The administration of Jakarta Governor Joko Widodo is currently undertaking a program to raise the separators to 50 centimeters. But along routes where this has been done, traffic police routinely allow other vehicles into the busway lanes during the morning and evening rush hours.

The ITDP says another matter that the city must address is the quality of the TransJakarta infrastructure, including the state of the bus lanes, the shelters and pedestrian walkways, and the sidewalks in the vicinity of the shelter.

The institute says the network operators need to work more closely with the Jakarta Public Works Office and transportation authorities to fix the potholed lanes, clean up and fix the walkways and shelters, and rebuild the pavements to make it easier for commuters to get to the shelters or to their destination after exiting the bus.

Putri said the ITDP lauded Joko’s decision to import a fleet of 66 articulated buses from China for use on Corridor I. The three-door buses are expected to be able to take on more passengers in a shorter time than the fleet of single-entrance buses in use since 2004.

Another positive development, Putri said, was the installation of CCTV cameras inside buses and bus shelters. The system now provides commuters with a live feed of where the buses are on any given route and how soon the next bus is expected to arrive at a given shelter.

With the addition last month of the 12th corridor, the network now stretches 233 kilometers, making it the most extensive bus rapid transit network in the world.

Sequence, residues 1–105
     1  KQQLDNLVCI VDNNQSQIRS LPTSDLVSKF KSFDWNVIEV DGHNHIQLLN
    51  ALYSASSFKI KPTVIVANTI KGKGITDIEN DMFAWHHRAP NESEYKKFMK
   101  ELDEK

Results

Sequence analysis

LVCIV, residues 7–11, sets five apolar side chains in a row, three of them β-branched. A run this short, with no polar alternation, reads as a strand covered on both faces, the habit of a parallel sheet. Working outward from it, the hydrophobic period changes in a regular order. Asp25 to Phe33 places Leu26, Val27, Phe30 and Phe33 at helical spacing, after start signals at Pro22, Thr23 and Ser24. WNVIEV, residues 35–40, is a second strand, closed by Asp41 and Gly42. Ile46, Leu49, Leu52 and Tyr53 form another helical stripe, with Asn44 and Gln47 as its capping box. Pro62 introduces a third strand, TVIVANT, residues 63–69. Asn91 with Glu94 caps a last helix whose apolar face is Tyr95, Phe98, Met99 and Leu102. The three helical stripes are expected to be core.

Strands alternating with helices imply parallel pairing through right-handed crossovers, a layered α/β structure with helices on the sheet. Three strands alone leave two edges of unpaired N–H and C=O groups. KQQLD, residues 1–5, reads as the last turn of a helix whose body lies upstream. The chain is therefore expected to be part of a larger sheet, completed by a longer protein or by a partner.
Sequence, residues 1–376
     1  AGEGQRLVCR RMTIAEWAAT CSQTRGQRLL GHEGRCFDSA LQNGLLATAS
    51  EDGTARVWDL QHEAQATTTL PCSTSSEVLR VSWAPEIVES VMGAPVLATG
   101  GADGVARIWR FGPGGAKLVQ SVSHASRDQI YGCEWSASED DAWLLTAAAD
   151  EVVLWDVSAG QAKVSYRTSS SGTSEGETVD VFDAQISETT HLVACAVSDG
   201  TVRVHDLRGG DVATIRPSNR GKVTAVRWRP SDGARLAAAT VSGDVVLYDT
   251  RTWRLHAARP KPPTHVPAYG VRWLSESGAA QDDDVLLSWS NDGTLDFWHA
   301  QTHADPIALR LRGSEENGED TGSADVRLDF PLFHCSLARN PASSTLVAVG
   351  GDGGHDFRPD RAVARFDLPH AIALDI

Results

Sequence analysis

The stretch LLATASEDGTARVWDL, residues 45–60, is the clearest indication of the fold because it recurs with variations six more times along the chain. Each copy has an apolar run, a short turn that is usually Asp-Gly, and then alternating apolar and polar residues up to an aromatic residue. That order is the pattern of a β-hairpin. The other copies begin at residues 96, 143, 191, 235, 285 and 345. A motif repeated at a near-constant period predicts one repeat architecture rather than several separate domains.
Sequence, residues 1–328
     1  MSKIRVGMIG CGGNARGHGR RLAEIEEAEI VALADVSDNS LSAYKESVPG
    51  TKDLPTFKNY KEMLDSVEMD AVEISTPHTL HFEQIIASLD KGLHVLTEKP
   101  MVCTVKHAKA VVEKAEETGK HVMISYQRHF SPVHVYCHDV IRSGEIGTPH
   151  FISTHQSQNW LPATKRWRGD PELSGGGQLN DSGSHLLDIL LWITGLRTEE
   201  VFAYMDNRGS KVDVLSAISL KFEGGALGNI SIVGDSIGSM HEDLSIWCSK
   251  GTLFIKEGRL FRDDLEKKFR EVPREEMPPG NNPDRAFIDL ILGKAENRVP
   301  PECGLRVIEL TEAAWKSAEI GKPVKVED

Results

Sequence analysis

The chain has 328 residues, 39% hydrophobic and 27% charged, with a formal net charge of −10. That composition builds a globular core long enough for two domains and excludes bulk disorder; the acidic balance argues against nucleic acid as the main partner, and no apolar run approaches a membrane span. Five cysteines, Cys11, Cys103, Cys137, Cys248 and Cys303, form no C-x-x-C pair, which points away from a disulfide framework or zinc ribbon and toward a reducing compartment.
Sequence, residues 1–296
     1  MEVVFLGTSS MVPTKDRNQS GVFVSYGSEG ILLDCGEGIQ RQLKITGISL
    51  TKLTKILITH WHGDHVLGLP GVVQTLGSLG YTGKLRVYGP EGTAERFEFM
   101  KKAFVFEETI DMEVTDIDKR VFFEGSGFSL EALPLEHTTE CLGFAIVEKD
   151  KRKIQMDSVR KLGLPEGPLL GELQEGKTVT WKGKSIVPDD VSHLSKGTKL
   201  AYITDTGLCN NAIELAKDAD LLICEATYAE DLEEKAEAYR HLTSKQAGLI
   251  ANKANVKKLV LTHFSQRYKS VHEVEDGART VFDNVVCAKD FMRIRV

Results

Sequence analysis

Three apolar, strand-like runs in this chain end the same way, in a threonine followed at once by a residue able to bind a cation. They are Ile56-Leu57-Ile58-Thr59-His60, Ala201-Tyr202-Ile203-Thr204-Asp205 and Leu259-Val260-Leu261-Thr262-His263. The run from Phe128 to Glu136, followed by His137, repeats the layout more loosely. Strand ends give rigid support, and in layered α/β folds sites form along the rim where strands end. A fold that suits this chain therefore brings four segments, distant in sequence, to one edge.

“The TransJakarta program has the potential to be a good program, but for that the operators need total authority over its management,” Putri said.
“The ITDP urges the city administration to upgrade the status of the operators to a city-owned enterprise [from a public service unit], in the hope that TransJakarta can implement good governance and improve accountability and transparency.”

Keeping the lanes clear

The ITDP is also calling on the city administration to accelerate plans to integrate regular bus services into the TransJakarta bus network.

Joko announced earlier this month that mid-sized Kopaja buses would soon be allowed to run in busway lanes, but the notion has been criticized by Sutiyoso, the former governor who kicked off the TransJakarta program.

“I’m confused. What reason could the administration possibly have to want to allow Kopajas into busway lanes? It’s inappropriate on so many levels,” he said at Tuesday’s discussion.

He argued that Kopajas were not as high as TransJakarta buses and passengers boarded and exited from the left, as opposed to the right for the majority of busway stops, making it impractical for Kopajas to pick up and drop off passengers with any degree of safety.

Sutiyoso also said that Kopaja drivers had a reputation for being reckless and could put passengers’ safety at risk if they tried overtaking TransJakarta buses at shelters by jumping the separators.

“That’s why I can’t imagine such a possibility. If this policy was to go in place, there would no longer be any exclusive busway lanes,” he said.
“We have to keep the lanes empty of other vehicles, as was meant from the beginning. That’s the only way that the buses will be allowed to move unhindered.”

Joko previously said the move would be temporary, to see how well the two systems could integrate.

“Later, we can see the advantages and disadvantages. Unless we try it out, we won’t know if it works or not,” the governor said last week.

He added he would personally evaluate the plan’s effectiveness.